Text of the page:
Wednesday, May 21, 2008

Anyone Want My Autograph?

I know some of you read The New York Times Book Review article about Laura and Jenna Bush’s new children’s book, Read All About It! The reviewer, Roger Sutton, editor-in-chief of The Horn Book Magazine, basically panned it, in particular the scene where the kids go to the library for the first time: “It has everything a library needs—except a librarian….In a book promoting the joy of reading, this, my friends, is low.”

This got me thinking. I’ve written bad stories too, which never made it further than my critique group. But the Bushes—aka, the First Writers—have given me renewed hope I can sell them. Not only that, the three things I hate most about writing--rewriting, being critiqued, and receiving rejection letters--would become a thing of the past.

All I have to do is become a celebrity first.

Maybe I’ll be the daughter of a president. But first, I have to convince my dad to run. This could be tough. Ever since he retired, his primary party affiliation has been Hedonist.

How about an aging pop star? I’ve already got the aging part down. I just have to learn to sing, wear cone bras, and simulate making out with Justin Timberlake. Then I could sell a whole series of bad books.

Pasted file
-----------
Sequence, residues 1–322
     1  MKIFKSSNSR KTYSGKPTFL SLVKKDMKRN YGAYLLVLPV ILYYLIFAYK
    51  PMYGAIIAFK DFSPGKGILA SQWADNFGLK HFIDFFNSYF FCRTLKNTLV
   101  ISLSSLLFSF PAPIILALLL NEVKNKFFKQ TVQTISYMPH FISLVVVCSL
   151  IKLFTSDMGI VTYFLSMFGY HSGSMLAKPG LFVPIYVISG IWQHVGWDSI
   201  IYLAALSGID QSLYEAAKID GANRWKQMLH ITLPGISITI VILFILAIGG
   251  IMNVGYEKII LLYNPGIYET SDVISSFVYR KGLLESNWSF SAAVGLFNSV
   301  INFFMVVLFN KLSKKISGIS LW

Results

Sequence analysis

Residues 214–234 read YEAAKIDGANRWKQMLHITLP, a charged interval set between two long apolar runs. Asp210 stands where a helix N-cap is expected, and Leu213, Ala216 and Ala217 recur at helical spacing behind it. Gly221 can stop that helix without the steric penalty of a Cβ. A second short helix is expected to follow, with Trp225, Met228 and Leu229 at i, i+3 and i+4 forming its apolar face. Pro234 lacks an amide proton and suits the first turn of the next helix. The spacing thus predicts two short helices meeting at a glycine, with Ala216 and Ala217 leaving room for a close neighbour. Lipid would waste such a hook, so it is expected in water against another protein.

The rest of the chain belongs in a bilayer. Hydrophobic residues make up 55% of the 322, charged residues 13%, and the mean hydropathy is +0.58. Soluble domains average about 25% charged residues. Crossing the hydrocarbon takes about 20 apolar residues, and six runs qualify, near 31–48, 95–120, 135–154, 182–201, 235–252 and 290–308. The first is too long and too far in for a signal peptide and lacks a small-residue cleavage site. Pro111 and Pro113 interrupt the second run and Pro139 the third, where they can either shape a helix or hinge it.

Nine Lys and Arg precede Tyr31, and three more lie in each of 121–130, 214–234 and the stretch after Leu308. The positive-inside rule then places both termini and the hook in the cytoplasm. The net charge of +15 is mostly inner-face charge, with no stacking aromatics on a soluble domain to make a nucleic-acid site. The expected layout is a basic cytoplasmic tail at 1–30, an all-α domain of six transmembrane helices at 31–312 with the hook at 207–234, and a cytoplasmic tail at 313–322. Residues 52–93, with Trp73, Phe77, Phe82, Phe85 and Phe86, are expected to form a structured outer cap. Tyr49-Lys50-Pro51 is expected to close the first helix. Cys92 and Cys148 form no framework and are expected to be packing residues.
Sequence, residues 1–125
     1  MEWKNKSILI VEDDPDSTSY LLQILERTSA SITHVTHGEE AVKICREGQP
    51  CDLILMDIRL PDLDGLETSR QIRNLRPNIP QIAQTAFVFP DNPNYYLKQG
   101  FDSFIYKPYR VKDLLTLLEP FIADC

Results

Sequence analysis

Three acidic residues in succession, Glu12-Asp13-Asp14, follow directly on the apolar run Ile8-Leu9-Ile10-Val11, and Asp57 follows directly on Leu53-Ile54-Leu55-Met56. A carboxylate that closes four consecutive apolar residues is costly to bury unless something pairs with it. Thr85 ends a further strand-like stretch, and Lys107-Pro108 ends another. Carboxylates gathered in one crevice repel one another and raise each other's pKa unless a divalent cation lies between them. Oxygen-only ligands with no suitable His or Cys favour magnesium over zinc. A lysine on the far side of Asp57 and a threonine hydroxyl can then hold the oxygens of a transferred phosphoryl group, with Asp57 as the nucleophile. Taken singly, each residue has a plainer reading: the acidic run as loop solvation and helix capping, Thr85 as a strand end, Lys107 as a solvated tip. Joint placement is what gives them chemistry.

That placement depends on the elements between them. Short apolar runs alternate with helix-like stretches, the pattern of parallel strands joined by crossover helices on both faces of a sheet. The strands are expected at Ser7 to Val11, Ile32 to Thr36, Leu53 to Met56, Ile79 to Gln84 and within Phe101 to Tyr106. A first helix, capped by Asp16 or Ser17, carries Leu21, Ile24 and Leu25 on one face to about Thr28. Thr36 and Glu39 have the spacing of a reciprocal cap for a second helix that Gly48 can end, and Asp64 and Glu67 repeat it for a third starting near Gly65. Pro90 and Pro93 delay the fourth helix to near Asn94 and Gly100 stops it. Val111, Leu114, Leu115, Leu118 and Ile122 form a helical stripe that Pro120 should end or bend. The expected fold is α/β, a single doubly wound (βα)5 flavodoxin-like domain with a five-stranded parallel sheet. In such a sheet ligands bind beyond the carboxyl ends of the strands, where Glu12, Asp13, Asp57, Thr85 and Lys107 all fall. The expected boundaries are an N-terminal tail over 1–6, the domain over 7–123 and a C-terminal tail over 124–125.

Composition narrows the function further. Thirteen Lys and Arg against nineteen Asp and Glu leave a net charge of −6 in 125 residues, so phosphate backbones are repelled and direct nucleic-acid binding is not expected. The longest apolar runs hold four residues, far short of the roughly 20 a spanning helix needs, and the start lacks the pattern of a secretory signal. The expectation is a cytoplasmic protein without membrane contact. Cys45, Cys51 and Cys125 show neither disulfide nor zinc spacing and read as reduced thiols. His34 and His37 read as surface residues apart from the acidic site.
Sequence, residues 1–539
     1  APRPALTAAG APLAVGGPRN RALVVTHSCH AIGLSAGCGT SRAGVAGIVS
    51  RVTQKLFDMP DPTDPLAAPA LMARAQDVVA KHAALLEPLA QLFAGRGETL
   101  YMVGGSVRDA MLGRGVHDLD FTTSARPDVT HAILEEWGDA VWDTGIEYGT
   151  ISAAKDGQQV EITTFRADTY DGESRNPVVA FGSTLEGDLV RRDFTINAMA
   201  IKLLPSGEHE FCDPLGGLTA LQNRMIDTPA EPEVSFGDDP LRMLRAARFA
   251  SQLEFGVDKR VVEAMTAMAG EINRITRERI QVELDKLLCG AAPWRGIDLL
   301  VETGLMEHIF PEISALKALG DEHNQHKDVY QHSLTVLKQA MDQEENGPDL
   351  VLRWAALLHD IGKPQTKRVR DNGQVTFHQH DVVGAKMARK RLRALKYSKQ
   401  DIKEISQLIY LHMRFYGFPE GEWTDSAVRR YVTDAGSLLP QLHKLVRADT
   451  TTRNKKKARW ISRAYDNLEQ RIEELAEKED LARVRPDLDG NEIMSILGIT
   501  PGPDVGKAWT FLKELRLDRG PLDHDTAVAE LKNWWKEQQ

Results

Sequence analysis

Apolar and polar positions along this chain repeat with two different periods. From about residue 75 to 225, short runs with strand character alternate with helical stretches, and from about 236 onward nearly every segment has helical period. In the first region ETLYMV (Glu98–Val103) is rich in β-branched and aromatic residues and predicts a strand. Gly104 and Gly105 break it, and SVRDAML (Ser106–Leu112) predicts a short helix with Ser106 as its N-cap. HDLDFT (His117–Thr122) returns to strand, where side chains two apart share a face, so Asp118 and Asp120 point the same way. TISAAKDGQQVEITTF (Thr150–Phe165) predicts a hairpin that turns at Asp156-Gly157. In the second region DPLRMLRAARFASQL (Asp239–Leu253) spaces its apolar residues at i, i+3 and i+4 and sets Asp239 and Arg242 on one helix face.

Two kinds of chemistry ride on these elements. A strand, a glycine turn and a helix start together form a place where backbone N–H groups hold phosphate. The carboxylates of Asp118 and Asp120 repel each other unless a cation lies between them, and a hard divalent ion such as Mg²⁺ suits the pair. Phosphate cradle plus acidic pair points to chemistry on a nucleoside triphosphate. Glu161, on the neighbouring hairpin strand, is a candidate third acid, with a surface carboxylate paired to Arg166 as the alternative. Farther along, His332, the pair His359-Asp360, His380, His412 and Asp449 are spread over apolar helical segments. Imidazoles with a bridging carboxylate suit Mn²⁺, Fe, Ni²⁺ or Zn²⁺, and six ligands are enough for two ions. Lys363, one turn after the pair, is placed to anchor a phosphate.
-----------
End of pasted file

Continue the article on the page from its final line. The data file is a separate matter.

During interviews, I could explain how when I started reading to my young son, I “couldn’t believe how vapid and vacant and empty all the stories were.” So I decided to write one of my own. And then another.

So Jerry Stand-Up-Comedian Seinfeld, Katherine CBS-Anchor Couric, and Sarah The-Duchess-of-York Ferguson, watch your writerly backs. When my first celebrity book comes out, it’s going to be so bad, it’s going to knock all of you right off the best-seller lists.


  1. Please just don't forget the little people! Can I say "I knew you when"? Next step...your own reality show, what a great way to promote your book :)

  2. Janice, You're hilarious. Really these are publishable- now you just have to anticipate what to write about so the column is timely.
    It is annoying that celebs can get their books published. But are they really bought and read? Are these the ones a child will find in the library and want to be read to again and again? I think not. Our audience is much more discerning than the critics - the adults.

  3. I wonder if becoming a celeb is as hard as becoming a published writer for children?